Homeschooling was not part of my reality while I was growing up, but it is thankfully becoming more prevalent in many parts of our American society. When I first considered fatherhood, I never envisioned homeschooling my children, but now I cannot imagine my family without homeschooling. (I recognize that every family and every situation is different, so I completely understand that homeschooling is not necessarily the best option for all families.)

When my wife and I started homeschooling our oldest child, I believed it was only appropriate to do so through elementary school. Soon thereafter, I started and completed a Master’s Degree in Education and taught in a middle school. Long story short, my experiences while working on my degree and teaching in a public school convinced me that homeschooling is a very real and the best option for my family. I was fortunate to get a little look behind the curtain and I learned that there isn’t a lot of rocket science going on in our current education system. In fact, I was very much disillusioned by what I discovered. The truth is that our education system is an artificial product of industrialization, not a better solution to educating minds and certainly not more beneficial to formation of souls.

While there are many good schools and countless great teachers working in American schools (private, public, and Catholic), they can never replace the love and education that a child can receive from a supportive family and parish community. That last sentence is one that will be shouted down by most of our society, but I suggest their argument is based on straw men that we, as Catholic fathers, should question and ultimately dismiss. That discussion is much too large to address in a few paragraphs, so I will not even begin to do so. Rather, I want to encourage other fathers that homeschooling is a real option, especially homeschooling your high school children. Additionally, I cannot emphasize enough how meaningful I think it is for a father to be actively involved in his child’s education, most especially older children.

Thus far, I have only helped one child all the way through high school (he is currently in college), so I am certainly not suggesting that I am some sort of homeschooling expert. My wife and I would like many do-overs, and I suspect that trend will continue for at least the next eighteen years, but when we sit back and consider our family’s homeschool experiences, we feel so blessed to have taken on this challenge because of the countless ways that our family has benefitted.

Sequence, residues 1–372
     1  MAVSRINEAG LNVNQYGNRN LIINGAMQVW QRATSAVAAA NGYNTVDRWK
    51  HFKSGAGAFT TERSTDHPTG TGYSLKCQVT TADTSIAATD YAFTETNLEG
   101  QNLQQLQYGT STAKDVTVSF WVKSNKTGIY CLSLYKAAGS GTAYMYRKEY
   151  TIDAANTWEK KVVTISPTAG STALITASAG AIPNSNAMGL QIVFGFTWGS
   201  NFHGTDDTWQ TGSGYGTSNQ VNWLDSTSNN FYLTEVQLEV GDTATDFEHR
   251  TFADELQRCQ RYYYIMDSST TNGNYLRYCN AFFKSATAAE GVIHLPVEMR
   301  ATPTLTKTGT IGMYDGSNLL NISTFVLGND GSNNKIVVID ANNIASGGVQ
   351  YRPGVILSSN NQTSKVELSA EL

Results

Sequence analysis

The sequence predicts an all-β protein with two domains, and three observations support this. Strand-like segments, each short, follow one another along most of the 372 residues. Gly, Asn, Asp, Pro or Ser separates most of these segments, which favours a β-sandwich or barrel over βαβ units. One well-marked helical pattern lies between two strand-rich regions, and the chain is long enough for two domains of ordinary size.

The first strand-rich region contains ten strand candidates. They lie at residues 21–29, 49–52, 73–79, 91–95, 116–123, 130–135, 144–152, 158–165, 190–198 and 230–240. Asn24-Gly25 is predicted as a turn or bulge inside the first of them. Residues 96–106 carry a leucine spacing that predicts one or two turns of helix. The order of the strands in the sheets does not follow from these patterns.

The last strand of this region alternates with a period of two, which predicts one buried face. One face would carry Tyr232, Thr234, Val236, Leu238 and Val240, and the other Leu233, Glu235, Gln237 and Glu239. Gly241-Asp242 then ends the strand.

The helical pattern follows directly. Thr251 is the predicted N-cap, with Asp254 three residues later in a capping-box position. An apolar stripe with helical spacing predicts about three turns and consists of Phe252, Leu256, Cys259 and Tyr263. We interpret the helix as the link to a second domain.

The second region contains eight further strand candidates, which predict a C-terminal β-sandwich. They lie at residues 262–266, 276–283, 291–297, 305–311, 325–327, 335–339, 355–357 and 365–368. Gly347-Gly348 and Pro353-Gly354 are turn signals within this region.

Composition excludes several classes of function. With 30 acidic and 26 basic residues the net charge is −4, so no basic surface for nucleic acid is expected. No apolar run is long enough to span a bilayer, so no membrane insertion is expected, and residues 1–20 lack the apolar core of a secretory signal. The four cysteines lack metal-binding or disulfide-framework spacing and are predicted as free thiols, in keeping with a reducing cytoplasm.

My primary thoughts for any father to contemplate as he considers homeschooling, especially the high school years are these:

1) Don’t doubt your capabilities. You will fail many times, but God gives you the graces that you need to succeed. Trust in your abilities and focus on why you homeschool, not on the instances when you wish you might have done better. The school doesn’t exist that would be perfect for your child, so why should you expect to provide a perfect school?

2) High school graduates are not expected to go out into the world with scientific knowledge to find a cure for cancer or literary capabilities to write the next great American novel. You can provide your children with a very solid education that will enable them to be successful in their next stage of life and give them the foundation necessary to further their education. At one time you probably learned everything that they need to be taught. Yes, you may have to refresh yourself on some things, but the knowledge does not surpass your intellectual capabilities. And never forget that there are countless resources for you to use; you do not need to continually plow new ground.

3) Plan to be actively involved with teaching your child. There is a meaningful connection that happens with being the primary teacher for at least some of your child’s classes; helping with homework does not rise to the same level. There is a humility, mutual respect, patience, and familiarity that can be achieved in this experience that is difficult to attain in other ways.

4) Take the opportunity to teach your child all the things that would be neglected in any other school. Make sure they learn about virtues, the saints, real history, the foundations of our Church, etc. They may receive pieces of these things in some schools, but you can do better than any school in most of these areas. You may even be surprised at how much your own knowledge grows along the way.

5) Do not be discouraged in your pursuit by those who do not agree with your approach. The number of people who disagree with homeschooling a high school student is likely to outnumber those who support your decision. Be a true teammate with your wife in this journey and seek others who will support you.

6) It is going to be hard, so don’t fool yourself into thinking that it won’t be.

7) It will be so fulfilling. You have the opportunity to have more control in guiding and leading your family to be saints. If you have the opportunity to do this, don’t let it pass you by.

  • Bob Ewald

    We did not homeschool our daughters but we were pleased with the primary Catholic education they received. As practicing Catholics who still pursue our faith, our children were pretty well prepared for Catholic high school which sadly was academically great but not so Catholic. But our daughters are in the mid-late 20’s and still practice their faith. So hopefully our parenting has put them on the right path to Our Lord. But particularly here in a suburb of NY, much of Catholic education is weaker than it must be.